The Effect of Early Incubation Temperature and Late Incubation Conditions on Embryonic Development and Subsequent Broiler Performance.

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Title: The Effect of Early Incubation Temperature and Late Incubation Conditions on Embryonic Development and Subsequent Broiler Performance.
Author: Brannan, Kelly Elizabeth
Advisors: Dr. V. L. Christensen, Committee Member
Dr. C. J. Williams, Committee Member
Dr. J. Odle, Committee Member
Dr. J. T. Brake, Committee Chair
Abstract: Six experiments were conducted to evaluate the effects of early and late incubation temperatures and hatching basket ventilation on embryonic development and early broiler performance. Eggs were exposed to a constant incubation air temperature of 37.6°C (99.7°F) from E 0-17 in Experiment 1 while Experiments 2-5 employed an incubation temperature profile that had an initial dry bulb set point of 38.1°C (100.5°F), which was gradually decreased to 37.2°C (99.0°F). Experiment 6 exposed eggs to either an Early Hot treatment (EH) that had a short initial air temperature of 38.9°C (102°F) followed by 38.1°C (100.5°F) to E 3 or an Early Cool treatment (EC) of 36.9°C (98.5°F) to E 3. Experiments 1-4 used an average air temperature of 38.1°C (100.5°F) during the late incubation period, while Experiments 5 and 6 added a late temperature treatment of approximately 35°C (95.0°F) (LC) in addition to 38.1°C (100.5°F; LH). Hatching baskets were modified to create ventilation treatments in order to examine the effect of air flow path on embryonic development and used varyingly throughout Experiments 1-6. Two treatments were designed to restricted air flow through the hatching basket by blocking air flow through either the top half of the basket (TT) or the bottom half of the basket (BT). Other hatching baskets remained unaltered to serve as a control group (CN). Experiments 1-2 included all three types but just the TT and BT treatments were used in Experiment 3. Experiments 4-6 used the TT and CN treatments in addition to the baskets at either low density (LD) or high density (HD). The TT treatment produced chicks with significantly less relative yolk sac in Experiment 1, but differences between ventilation treatments did not occur in other experiments. At E 15 of incubation, embryos from the EC treatment in Experiment 6 exhibited a decreased embryo weight and fluid (yolk and albumen) absorption. The LC treatment produced heavier BW and relative heart weight, as well as an increased relative yolk weight in Experiments 5 and 6. The LD treatment exhibited a lower egg temperature and greater relative weights of the heart, gizzard, and proventriculus at hatching in Experiment 4. Experiments 3-5 also included a grow-out period to examine the effects of the incubation treatments on broiler performance as measured by feed intake (FI), body weight (BW), adjusted feed conversion (AdjFCR), and mortality. In Experiments 4 and 5, the CN treatment achieved a heavier BW than the TT treatment at 14 and 21 d of age, which coincided with a significant increase in FI, as well as an improved AdjFCR, in Experiment 4. The LD treatment exhibited a significantly increased FI, AdjFCR, and percentage mortality as compared to the HD treatment in Experiment 4, while a reduced overall mortality for the LD treatment was the only difference noted in Experiment 5. The eggs came from an older breeder flock (59-wk-old) in the case of Experiment 4 and a younger breeder flock (31-wk-old) in Experiment 5. It may be that the differences between eggs produced by different age flocks produced subtle differences during incubation that created different broilers during the grow-out period.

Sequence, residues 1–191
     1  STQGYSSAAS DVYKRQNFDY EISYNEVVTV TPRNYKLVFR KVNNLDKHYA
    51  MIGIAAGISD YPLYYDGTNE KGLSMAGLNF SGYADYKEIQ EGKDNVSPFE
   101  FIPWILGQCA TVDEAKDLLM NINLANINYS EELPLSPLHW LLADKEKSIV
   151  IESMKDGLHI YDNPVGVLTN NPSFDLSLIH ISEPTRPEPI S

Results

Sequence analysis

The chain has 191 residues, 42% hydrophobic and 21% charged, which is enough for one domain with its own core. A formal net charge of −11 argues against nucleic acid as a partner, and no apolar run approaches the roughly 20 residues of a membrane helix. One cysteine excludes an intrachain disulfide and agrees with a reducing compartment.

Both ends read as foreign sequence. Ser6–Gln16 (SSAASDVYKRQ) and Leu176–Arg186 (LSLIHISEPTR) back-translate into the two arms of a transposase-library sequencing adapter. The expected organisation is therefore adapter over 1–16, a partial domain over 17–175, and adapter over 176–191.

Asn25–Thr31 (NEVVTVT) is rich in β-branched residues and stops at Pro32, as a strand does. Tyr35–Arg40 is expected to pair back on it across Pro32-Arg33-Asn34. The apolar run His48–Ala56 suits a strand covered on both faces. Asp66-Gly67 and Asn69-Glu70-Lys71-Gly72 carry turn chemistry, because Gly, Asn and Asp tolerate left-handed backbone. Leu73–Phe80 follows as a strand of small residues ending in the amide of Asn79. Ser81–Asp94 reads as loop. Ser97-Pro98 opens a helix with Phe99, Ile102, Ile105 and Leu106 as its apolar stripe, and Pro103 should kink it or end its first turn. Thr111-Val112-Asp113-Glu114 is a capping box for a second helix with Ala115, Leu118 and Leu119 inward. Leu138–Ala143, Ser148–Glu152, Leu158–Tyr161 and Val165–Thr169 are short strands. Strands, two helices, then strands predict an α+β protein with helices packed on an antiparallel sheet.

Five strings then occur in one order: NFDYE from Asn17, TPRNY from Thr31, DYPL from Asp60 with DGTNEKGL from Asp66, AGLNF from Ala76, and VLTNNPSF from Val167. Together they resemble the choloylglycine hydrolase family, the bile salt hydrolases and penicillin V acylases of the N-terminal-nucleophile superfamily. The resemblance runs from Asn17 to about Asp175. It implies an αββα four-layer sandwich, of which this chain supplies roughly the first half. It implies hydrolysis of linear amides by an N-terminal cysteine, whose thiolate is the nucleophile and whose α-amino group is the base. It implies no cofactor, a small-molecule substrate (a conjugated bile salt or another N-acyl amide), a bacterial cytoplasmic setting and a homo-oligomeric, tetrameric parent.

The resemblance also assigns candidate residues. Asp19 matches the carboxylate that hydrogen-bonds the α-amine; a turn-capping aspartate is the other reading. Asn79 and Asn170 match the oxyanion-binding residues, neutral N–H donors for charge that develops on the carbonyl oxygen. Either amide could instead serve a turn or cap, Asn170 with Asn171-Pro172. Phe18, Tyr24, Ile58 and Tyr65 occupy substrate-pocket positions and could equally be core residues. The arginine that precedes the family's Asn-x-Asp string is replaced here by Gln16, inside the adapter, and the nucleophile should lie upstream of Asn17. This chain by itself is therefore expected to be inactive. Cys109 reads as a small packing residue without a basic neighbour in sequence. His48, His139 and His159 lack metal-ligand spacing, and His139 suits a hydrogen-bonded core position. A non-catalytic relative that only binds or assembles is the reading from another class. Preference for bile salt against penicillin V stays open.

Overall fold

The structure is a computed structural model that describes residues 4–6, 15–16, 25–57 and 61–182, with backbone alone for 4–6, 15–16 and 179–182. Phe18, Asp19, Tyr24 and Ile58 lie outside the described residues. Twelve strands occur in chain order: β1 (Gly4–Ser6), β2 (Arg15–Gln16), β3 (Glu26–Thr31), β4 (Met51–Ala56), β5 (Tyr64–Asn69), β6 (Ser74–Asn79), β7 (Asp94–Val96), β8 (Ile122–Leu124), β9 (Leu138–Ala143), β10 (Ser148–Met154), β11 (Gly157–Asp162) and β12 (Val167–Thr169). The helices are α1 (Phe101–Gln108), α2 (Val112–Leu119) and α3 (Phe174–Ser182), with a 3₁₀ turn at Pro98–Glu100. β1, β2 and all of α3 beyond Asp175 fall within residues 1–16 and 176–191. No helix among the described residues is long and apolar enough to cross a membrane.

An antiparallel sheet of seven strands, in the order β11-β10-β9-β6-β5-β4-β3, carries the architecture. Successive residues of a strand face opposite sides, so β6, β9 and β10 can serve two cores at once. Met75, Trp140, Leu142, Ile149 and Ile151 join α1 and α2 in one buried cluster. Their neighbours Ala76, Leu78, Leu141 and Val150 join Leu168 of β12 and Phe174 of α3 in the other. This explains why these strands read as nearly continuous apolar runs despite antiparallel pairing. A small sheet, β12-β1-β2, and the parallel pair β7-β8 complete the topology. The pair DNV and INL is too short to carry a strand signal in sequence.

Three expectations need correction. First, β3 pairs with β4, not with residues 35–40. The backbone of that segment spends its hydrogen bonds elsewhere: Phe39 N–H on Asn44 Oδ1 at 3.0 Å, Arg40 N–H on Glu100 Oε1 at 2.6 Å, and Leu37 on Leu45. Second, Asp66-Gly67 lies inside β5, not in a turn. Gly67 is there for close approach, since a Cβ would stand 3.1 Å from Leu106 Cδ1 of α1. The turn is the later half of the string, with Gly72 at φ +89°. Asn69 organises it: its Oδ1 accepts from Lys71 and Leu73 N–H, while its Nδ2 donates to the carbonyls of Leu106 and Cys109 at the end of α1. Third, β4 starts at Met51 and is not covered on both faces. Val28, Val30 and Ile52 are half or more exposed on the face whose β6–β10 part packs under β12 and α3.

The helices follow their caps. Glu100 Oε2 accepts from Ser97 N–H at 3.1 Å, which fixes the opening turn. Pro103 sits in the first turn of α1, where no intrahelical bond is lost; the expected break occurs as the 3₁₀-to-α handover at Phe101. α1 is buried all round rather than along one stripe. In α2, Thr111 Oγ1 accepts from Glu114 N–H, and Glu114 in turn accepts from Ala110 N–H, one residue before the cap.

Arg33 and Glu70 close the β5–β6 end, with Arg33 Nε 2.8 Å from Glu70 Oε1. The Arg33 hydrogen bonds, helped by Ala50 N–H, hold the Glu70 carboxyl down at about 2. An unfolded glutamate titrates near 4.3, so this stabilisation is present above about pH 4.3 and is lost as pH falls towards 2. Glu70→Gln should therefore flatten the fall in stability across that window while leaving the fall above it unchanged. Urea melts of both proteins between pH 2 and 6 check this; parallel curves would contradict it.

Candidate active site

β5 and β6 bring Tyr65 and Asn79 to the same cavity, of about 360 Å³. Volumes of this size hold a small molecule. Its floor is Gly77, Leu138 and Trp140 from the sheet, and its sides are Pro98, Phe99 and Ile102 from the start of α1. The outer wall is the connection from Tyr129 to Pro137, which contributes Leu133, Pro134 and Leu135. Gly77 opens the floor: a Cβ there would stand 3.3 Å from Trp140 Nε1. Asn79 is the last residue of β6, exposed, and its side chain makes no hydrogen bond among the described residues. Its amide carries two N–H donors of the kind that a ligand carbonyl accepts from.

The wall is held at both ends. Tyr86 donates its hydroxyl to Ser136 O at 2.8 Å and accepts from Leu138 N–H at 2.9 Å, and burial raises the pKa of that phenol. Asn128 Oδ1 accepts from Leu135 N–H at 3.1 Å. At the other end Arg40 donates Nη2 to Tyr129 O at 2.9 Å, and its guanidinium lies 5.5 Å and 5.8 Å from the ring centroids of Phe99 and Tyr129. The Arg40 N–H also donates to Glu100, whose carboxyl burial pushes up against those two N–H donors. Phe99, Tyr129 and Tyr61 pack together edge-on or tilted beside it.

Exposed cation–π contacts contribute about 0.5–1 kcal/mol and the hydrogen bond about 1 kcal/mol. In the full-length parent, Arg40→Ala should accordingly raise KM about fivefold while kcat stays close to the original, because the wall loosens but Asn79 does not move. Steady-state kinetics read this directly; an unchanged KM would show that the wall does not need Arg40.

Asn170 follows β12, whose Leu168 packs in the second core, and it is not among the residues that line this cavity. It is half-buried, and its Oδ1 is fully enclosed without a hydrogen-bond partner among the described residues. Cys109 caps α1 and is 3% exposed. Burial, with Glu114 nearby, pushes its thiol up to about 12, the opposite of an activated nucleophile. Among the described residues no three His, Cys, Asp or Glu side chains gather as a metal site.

Date: 2007-12-07
Degree: MS
Discipline: Poultry Science
URI: http://www.lib.ncsu.edu/resolver/1840.16/1997


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